[second team meeting]

Reading:
Abdulaziz Sachedina, “A Minority Within a Minority: The Case of the Shi‘a in North America,” in Yvonne Haddad and Jane Smith, eds, Muslim Communities in North America, pp. 3-14
Muhammad Nimer, “American Muslim Organizations: Before and After 9/11, in Philippa Strum, ed., Muslims in the United States, pp. 5-17
Akel Ismail Kahera, Deconstructing the American Mosque. Space, Gender And Aesthetics, pp. 91-144 [read selectively]
Garbi Schmidt, Islam in Urban America, chapters 4-5

Week Seven (March 14): Muslim Women in America

Reading:
Yvonne Haddad, Jane Smith and Kathleen Moore, Muslim Women in America, pp. 3-20
Gwendolyn Zohara-Simmons, “Are we up to the challenge: The need for a radical re-ordering of the Islamic discourse on women,” in Omid Safi, ed., Progressive Muslims, 235-48.
Amina Wadud, “The Role of Women in the American-Muslim Community and Their Impact on Perceptions of Muslim Women Worldwide,” in Philippa Strum, ed., Muslims in the United States, pp. 191-202

Week Eight (March 21): What IS American Islam? and Christian-Muslim relations
[third team meeting]

Reading:
M.A. Muqtedar Khan, “Living on Borderlines. Islam Beyond the Clash And Dialogue of Civilizations,” in Zahid Bukhari and Sulayman Nyang, eds., Muslims’ Place in the American Public Square, pp. 84-113.
Garbi Schmidt, Islam in Urban America, chapter 6
Joceylne Cesari, When Islam and Democracy Meet, chapters 5-6 [NOTE: Class discussion of Cesari Parts I and II]

SECOND WRITTEN ESSAY DUE MARCH 21

Week Nine (March 28): Overview of Islam in Europe

Reading:
Peter Mandaville, “Towards a Critical Islam: European Muslims and the Changing Boundaries of Transnational Religious Discourse,” in Stefano Allievi and Jorgen Nielsen, Muslim Networks and Transnational Communities in and across Europe, pp. 127-145.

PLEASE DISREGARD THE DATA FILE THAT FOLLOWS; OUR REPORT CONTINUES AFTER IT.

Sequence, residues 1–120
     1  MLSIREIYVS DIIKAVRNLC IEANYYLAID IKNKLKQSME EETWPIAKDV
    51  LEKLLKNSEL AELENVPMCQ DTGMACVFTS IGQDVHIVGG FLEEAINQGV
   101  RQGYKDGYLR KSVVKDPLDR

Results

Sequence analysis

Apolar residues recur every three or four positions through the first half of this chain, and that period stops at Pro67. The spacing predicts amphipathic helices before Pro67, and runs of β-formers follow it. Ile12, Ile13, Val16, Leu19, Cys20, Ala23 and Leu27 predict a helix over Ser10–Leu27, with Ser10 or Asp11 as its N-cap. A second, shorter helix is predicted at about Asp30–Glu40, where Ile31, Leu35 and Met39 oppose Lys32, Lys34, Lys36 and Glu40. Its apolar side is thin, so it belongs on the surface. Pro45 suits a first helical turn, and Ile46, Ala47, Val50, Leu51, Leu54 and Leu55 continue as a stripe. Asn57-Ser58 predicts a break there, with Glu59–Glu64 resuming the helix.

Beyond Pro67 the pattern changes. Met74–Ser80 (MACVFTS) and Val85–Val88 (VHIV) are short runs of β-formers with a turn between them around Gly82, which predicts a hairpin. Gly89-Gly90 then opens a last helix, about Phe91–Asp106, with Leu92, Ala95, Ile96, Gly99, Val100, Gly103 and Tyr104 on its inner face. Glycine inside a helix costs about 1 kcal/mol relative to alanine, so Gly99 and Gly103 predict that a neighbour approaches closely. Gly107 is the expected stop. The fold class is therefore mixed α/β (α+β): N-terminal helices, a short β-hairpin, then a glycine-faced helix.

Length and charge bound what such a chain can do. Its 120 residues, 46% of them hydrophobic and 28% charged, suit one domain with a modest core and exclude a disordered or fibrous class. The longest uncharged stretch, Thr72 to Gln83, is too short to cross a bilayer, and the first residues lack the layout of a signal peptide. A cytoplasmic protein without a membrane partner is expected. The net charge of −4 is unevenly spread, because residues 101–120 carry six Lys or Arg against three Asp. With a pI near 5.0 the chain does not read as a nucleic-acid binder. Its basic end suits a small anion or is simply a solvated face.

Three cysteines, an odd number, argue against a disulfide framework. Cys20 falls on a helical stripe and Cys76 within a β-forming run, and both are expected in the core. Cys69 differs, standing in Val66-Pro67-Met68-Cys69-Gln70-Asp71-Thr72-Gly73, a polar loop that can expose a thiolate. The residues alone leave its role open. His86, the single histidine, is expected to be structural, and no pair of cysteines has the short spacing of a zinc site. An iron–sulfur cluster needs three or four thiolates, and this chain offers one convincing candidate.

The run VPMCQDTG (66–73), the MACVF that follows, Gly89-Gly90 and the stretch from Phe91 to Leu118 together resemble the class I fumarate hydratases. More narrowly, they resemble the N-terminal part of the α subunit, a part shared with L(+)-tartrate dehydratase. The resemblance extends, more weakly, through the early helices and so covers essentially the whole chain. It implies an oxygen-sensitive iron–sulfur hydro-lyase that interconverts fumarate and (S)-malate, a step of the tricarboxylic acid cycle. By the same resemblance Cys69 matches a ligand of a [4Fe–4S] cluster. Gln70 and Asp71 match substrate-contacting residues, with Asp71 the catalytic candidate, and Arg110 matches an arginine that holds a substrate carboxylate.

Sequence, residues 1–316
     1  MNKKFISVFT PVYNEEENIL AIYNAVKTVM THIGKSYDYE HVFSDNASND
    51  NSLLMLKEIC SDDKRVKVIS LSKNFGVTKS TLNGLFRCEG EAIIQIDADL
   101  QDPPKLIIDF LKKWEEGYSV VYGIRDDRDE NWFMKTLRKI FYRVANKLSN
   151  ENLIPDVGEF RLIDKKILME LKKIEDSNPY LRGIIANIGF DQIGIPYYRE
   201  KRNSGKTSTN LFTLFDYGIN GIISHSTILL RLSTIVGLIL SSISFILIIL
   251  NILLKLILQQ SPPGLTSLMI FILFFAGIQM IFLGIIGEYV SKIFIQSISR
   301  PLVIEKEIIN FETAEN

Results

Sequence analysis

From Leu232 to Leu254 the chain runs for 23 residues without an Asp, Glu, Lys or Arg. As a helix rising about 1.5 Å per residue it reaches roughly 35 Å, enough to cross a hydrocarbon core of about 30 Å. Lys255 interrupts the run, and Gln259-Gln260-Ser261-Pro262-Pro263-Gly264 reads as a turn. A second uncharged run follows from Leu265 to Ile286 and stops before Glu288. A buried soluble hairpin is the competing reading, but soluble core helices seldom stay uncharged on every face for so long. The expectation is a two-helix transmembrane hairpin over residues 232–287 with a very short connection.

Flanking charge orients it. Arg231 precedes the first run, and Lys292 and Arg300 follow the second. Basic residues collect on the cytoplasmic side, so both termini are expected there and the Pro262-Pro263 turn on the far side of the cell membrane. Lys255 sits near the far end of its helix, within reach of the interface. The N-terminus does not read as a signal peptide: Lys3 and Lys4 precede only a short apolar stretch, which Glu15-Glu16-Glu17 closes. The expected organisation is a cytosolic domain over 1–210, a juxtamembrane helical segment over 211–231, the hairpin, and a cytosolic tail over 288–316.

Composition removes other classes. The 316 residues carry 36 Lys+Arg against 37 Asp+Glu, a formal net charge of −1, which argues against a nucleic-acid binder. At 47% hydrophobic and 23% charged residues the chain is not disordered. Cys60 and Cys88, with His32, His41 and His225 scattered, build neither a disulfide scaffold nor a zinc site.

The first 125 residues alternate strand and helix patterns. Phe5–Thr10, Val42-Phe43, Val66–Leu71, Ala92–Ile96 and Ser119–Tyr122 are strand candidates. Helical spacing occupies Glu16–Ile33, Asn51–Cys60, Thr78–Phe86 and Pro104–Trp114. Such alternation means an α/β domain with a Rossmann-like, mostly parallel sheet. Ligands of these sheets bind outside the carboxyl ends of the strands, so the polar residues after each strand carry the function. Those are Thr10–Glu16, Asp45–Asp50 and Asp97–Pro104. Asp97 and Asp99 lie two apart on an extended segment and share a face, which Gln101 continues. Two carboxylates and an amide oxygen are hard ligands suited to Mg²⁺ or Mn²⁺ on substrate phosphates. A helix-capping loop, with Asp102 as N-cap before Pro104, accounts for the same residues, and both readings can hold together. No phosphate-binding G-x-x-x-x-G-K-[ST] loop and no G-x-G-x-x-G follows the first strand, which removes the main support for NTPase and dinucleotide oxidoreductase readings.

Week Ten (April 4): Islam in Northern Europe

a. Great Britain
b. Scandanavia (Sweden, Norway, Denmark)

Week Eleven (April 11): Islam in Middle Europe

a. Germany
b. The Netherlands

Reading:
Joceylne Cesari, Part III [Class discussion]


Week Twelve (April 18): Islam in Southern Europe

a. France
b. Spain and Italy

Reading:
Tariq Ramadan, To Be a European Muslim, Part II [Class
Discussion]

Week Thirteen (May 2): Lecture by Joceylne Cesari

Course Requirements:

a. Reading and class discussion of assigned texts and articles.
b. Two 3-page written reviews of assigned readings.
c. A group presentation to the class about Islam in one area of Western Europe. You will work in teams doing research and deciding on your presentation. Some basic research materials will be on library reserve; students are also expected to do research on-line. Presentations should include a description of the general situation, problems and possible solutions and (if possible) suggestions of how circumstances for Muslims in Europe compare in general with those of Muslims in America. Group presentations should be no longer than 45 minutes and must be accompanied by a brief hand-out for the class.
d. A 10-page essay on Islam in one of the countries of Western Europe.